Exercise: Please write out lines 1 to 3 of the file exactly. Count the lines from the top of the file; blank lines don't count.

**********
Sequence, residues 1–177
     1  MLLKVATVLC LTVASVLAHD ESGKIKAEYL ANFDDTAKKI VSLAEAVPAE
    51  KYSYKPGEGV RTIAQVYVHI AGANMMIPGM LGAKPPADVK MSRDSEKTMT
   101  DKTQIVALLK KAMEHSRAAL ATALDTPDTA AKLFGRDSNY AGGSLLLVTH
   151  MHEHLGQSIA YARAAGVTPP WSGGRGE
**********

Sequence, residues 1–177
     1  MLLKVATVLC LTVASVLAHD ESGKIKAEYL ANFDDTAKKI VSLAEAVPAE
    51  KYSYKPGEGV RTIAQVYVHI AGANMMIPGM LGAKPPADVK MSRDSEKTMT